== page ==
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Liberal Reforms.

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History Coursework--Liberal Reforms Adam Bowen 1. Winston Churchill was a shadow minister in the Liberal Party. Churchill was concerned about the state of Britain's labourers at the beginning of the twentieth century. Winston Churchill stated that 'a large proportion' of the population is malnourished and not healthy. Churchill's tone and manner within the letter is unsympathetic. He had an uncaring attitude towards the poor. He was not concerned about poverty for moral reasons. He was concerned about the national efficiency of Britain. Churchill was interested in America's attitude towards the poor. He was worried that America was a growing power that dealt with it's poor much more efficiently than Britain. Most of America's population were fitter and stronger than Britain's. Churchill was worried about competition with America. Another concern that Winston Churchill had was that Britain's empire must remain strong. If a 'large proportion' of Britain's workers were in a poor state then it would give Britain a bad image as an efficient empire. Source A tells us that poverty was becoming a big concern at the beginning of the twentieth century. Politicians were writing and talking about it. Seebohm Rowntree had written a book about poverty detailing findings in York. Rowntree was one of the first people to do scientific investigations into the causes of poverty. ...read more.


Source F shows people queuing at the Post Office to collect their Old Age Pensions. Little is happening in this picture that is distressing or upsetting. Getting Old Age Pensions was a huge change from receiving Poor Law relief whether it was outdoor or indoor. Old people felt dignified when collecting their pension because what they received was not charity. Source G is quite useful because it tells us that outdoor relief was not 'sufficient to live on'. It shows that the introduction of pensions was important because people like Flora Thompson had written novels about it. The source should be questioned on its reliability though because it is a novel. This could be biased in subtle ways. It could also exaggerate the truth. In source G the facts are exaggerated: 'They were suddenly rich'. This is an over-statement because the pensions that were paid out were not a great deal of money but it was better than what existed previously. 4. Source H is a primary source. It is an example of how the government wanted Labour Exchanges to work. It is government propaganda and therefore it is biased but it is still useful. Source I is a primary source. It is a newspaper article so therefore the writer could be exaggerating the situation. ...read more.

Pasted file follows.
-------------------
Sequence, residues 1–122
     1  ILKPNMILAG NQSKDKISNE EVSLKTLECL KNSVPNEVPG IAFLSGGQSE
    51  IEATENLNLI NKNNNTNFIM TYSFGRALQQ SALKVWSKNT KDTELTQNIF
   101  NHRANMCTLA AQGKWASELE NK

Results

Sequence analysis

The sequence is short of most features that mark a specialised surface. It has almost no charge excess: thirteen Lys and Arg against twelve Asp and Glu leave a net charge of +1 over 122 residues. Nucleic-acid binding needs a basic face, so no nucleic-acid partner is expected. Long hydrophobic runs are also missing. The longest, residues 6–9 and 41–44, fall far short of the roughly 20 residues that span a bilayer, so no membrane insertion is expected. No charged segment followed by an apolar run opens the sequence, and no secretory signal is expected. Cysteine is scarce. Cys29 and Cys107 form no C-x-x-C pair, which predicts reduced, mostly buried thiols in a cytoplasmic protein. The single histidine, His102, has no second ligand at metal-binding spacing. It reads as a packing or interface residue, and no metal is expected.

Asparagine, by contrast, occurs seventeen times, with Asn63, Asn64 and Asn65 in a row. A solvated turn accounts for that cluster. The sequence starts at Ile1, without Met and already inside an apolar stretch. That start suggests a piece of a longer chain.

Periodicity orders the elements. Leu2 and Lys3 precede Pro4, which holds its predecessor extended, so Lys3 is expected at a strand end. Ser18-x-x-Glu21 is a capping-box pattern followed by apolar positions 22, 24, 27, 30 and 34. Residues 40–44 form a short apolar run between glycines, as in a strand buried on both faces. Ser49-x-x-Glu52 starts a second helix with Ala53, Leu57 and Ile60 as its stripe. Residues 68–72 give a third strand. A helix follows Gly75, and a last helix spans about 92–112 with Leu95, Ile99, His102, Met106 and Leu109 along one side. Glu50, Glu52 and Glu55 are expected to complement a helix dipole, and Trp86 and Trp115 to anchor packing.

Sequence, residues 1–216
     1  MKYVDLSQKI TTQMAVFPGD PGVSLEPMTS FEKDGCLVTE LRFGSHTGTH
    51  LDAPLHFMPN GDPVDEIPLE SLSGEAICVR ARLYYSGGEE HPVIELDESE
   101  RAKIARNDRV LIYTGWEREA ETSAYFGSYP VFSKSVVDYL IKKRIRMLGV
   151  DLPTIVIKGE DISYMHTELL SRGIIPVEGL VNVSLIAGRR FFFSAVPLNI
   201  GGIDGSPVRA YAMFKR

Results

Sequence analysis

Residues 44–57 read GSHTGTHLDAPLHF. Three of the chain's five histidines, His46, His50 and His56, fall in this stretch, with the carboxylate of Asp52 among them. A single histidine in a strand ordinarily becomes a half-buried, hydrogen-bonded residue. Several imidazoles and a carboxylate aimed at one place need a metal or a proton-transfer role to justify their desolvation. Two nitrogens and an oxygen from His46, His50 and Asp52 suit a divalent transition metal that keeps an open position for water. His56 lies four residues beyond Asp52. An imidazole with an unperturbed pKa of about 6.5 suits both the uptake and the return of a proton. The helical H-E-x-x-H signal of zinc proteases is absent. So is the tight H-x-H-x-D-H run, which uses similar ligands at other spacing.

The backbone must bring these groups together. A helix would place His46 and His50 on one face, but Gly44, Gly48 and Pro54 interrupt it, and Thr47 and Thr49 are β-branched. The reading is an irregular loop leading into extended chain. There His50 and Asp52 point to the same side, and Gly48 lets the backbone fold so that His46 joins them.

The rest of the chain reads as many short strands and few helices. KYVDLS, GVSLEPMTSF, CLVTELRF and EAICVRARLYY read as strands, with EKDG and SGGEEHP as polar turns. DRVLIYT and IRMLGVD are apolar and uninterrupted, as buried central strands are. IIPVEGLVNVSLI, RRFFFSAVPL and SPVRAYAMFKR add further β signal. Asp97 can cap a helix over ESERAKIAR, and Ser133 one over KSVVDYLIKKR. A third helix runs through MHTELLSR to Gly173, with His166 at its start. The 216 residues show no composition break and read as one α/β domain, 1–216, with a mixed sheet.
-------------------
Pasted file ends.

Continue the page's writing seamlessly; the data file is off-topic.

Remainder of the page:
(Source J) The limitations of this Act were that the benefits did not cover the illnesses of wife or children, and that it did not cover hospital treatment. Labour Exchanges were set up in 1909. These were the forerunners of the modern job centre. The major downside of these exchanges was that they were only voluntary. The Liberal reforms completely changed the ways that ill-health and poverty were dealt with in Britain because the government was intervening for the first time and getting involved with social issues in a systematic way. The only previous government intervention had been the 1875 Public Health Act. There was only the Poor Law and friendly societies before the reforms were in place. The Liberal reforms were not perfect, even Lloyd George admitted that but they created the foundations of the welfare state. The introduction of the Parliament Act in 1911 reduced the power of the House of Lords significantly because now they could only delay bills drawn up by the House of Commons and not halt them altogether. During the introduction of the Liberal reforms the House of Lords blocked the bills that had been drawn up by the House of Commons. The House of Commons now had more power than the House of Lords and this would help future Acts to be passed more easily. The government now believed that it was their responsibility to deal with Britain's poverty and ill-health. ...read more.

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